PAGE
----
Under Armour – Harvard Business Review
Under Armour is a newish brand in Australia and we are starting to see it become commonplace with AFL stars wearing the clothing and protective clothing and now even in basketball shoes.
What got me interested in this article was the process Under Armour went through to get celebrity endorsement for their product when they were a start up brand.
Start up Challenger Brand
Plank was 23 and straight out of college when he started Under Armour. The concept of the brand was to allow athletes to wear some comfortable clothing under their padding as t-shirts were uncomfortable and filled with sweat. So the idea of an ‘under amour’ product was born that was comfortable, light weight and could soak up the sweat.
The development of this product was innovative and targeted at elite athletes, who would then inspire consumers to get the same gear.
The brand launched in 1996, the days of pre-Facebook, so it was hard to get a following. What plank did was to say to people he knew from college that were playing in the big leagues that he was working for a cool company with some great products and that they should check it out. If they sounded interested he gave them a piece for themselves and another piece for the guy in the next locker to try.
He positioned the product that could be a tool that could make them perform a bit better and therefore they could get paid more, rather than just a favour to himself.
What happened is that once a few players in the team started wearing the product the team felt obligated to buy it for the rest of the team. So this grassroots, guerrilla campaign started to get the first orders flowing.
The Next Steps
From these small beginnings Under Armour signed up the Georgia State football team followed by the Atlanta Falcons and New York Giants. It all started with some free shirts to players and their performance improvement leading to full team orders.
The turning point came in 1997 when the Miami Dolphins called saying that a couple of players had the Under Armour shirts and could he have 150 units so that everyone on the team that Sunday (including Dan Marino) would be wearing one on Sunday. Plank said he couldn’t give away that many shirts and how would that affect his relationship with the other teams that had paid?
Plank stuck to his guns and said that he makes a quality product and that the team would have to pay a fair price for the shirts. So on the Wednesday plank had stared down the offer of the century, but had stuck to his values.
The next day the Dolphins called back, placed an order on a 45 day billing cycle and the shirts were worn on Sunday’s game!
This is a real example of sticking to your guns, understanding the value of your product and not giving it away, but selling it for what it is worth.
Under Armour use celebrity endorsement today to drive the sales of their business. But they do it in a different way to ensure that they stay true to their brand values and only back proven achievers.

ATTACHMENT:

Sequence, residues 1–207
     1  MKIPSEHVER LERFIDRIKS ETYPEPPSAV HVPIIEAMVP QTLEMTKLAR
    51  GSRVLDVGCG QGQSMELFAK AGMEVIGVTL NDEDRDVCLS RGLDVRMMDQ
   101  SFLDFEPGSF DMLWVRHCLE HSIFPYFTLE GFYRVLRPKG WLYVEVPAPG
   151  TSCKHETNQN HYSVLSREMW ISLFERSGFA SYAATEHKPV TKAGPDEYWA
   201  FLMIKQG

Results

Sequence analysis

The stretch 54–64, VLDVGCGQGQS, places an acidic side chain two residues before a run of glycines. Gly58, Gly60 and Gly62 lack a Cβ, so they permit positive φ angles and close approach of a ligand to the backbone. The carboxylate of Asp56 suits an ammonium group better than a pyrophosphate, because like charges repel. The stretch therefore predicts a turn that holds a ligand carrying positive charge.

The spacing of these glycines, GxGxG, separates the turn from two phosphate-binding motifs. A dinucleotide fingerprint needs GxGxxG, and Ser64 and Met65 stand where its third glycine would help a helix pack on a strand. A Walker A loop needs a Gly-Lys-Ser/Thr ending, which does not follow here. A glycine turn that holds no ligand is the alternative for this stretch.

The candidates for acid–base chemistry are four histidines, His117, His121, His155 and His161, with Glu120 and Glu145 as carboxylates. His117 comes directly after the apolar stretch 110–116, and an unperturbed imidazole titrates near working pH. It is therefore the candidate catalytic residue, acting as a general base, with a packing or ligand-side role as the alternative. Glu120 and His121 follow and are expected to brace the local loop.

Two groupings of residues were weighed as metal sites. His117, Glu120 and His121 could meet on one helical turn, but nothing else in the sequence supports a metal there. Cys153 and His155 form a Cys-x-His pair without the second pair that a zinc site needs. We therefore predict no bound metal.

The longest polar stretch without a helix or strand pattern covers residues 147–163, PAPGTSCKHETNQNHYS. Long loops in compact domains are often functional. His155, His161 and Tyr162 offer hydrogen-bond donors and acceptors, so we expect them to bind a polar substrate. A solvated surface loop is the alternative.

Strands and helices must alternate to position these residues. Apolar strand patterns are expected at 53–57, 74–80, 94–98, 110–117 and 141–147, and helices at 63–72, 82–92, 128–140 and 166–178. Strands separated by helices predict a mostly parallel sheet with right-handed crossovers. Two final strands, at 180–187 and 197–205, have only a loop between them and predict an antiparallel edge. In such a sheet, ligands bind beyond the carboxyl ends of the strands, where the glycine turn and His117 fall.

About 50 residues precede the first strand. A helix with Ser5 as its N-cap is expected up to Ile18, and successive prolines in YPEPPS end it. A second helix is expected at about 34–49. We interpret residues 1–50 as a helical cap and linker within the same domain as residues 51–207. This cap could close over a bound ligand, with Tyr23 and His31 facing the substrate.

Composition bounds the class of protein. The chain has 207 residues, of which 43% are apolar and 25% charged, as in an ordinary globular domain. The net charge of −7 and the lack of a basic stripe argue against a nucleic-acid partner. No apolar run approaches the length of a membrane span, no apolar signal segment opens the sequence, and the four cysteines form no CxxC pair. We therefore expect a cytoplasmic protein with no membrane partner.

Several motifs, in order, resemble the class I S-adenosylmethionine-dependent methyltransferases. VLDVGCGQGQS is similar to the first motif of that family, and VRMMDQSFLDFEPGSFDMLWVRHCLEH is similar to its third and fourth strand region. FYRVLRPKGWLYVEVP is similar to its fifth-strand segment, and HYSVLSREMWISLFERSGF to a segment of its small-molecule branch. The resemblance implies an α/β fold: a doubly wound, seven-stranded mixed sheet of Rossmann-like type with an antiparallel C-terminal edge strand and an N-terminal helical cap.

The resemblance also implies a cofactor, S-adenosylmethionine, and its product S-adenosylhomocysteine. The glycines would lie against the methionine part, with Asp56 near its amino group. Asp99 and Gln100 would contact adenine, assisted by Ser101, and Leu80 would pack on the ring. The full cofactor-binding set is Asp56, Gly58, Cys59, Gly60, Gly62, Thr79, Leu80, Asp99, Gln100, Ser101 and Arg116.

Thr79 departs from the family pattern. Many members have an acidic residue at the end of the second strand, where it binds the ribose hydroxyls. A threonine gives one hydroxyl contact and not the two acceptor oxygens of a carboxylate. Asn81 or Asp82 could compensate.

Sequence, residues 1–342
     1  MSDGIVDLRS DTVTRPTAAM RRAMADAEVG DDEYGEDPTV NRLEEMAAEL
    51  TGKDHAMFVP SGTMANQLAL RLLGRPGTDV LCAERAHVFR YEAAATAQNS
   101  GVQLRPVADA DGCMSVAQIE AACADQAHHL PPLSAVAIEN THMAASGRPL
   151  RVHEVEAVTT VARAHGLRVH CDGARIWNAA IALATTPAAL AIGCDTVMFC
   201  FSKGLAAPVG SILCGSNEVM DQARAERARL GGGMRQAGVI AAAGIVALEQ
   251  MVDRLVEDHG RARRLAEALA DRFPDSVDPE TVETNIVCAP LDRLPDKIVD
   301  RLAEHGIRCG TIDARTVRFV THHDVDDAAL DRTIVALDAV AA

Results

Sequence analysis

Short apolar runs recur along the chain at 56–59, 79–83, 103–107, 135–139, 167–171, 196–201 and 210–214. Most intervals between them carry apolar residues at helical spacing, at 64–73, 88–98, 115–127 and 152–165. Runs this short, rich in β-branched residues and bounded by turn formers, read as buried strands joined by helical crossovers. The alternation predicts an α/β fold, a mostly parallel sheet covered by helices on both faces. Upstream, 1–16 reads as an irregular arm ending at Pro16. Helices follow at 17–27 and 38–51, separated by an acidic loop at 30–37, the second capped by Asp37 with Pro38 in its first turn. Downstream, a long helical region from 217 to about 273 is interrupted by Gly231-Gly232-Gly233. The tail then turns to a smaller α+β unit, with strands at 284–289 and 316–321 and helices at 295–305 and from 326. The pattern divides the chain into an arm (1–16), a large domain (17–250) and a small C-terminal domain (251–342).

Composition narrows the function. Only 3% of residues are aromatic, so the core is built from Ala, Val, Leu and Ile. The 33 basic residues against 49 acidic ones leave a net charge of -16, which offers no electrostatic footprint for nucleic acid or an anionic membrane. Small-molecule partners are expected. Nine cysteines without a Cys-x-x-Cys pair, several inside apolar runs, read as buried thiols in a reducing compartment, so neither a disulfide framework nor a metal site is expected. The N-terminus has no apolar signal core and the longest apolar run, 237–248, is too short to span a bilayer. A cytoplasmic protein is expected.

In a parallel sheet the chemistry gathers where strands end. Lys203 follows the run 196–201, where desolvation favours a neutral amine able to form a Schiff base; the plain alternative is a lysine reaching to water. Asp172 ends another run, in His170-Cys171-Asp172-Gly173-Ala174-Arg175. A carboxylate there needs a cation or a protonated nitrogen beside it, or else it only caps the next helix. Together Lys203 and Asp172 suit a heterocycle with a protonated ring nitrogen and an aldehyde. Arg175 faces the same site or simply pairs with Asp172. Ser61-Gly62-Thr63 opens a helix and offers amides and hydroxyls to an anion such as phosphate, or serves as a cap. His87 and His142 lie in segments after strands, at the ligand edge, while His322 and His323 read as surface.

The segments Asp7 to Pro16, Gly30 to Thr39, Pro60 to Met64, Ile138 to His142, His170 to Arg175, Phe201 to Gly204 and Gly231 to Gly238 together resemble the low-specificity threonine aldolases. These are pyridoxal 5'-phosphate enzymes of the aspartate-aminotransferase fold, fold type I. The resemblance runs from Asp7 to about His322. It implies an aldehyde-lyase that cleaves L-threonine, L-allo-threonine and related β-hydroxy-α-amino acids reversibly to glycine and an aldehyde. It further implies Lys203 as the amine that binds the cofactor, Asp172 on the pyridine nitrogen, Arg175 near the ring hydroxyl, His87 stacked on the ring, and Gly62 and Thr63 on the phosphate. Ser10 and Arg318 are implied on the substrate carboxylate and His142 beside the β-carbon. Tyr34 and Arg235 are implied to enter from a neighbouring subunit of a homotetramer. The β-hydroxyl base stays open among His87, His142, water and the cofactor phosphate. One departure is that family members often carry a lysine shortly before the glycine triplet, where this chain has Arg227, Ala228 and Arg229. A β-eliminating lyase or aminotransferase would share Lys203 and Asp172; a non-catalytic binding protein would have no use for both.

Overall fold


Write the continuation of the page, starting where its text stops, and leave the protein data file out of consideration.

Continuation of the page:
The first endorsement was with Barry Bonds. Barry loved the product and was wearing the gear, but then asked for an endorsement to continue wearing it. He liked the gear so the team were able to negotiate a $5,000 fee as well as $5,000 to his favourite charity.
Today Under Armour has Tom Brady from the Patriots as the brand advocate because he is a proven achiever. Unlike other brands Under Armour won’t take a punt on draft picks from the NBA. In 2010 John Wall, the #1 pick was paid $5 million for an endorsement deal and the #2, Evan Turner, was valued by Under Armour for $150,000 but was signed for $2 million by another brand.
The key for Under Armour is that once they have the celebrity onboard they want to go further than just endorsements. Brandon Jennings from the Milwaukee Bucks is signed to the brand and during the recent lockout he became an intern at the Under Armour Headquarters with the title of ‘Curator of Cool’ where he hung out with the designers to help come up with new ideas.
For Under Armour endorsement is important, but just as important is the aligned to the culture and the brand merits and going beyond just endorsing the product.
What we can learn?
I think that there are two distinct learning opportunities from Under Armour:
1. Understand the value of your brand and don’t discount it or give it away unnecessarily. There are times when we are in start up for a new product or even when sales are low. You need to stick to your guns and help customers to understand the benefits of your product and the value that is inherent within the brand. That way you build sustainable, profitable business for the future.
2. When using celebrity endorsement, go beyond the simple endorsement, make the celebrity a part of your brand, embracing the values of your organisation. Look at ways to untap other opportunities, whether this is working with your people to develop new lines, inspiring your staff or using them in the community. Think outside the box.
You can find the full article online at Harvard Business Review – ‘Under Armour’s Founder on Learning to Leverage Celebrity Endorsements’ by Kevin Plank in the May 2012 edition.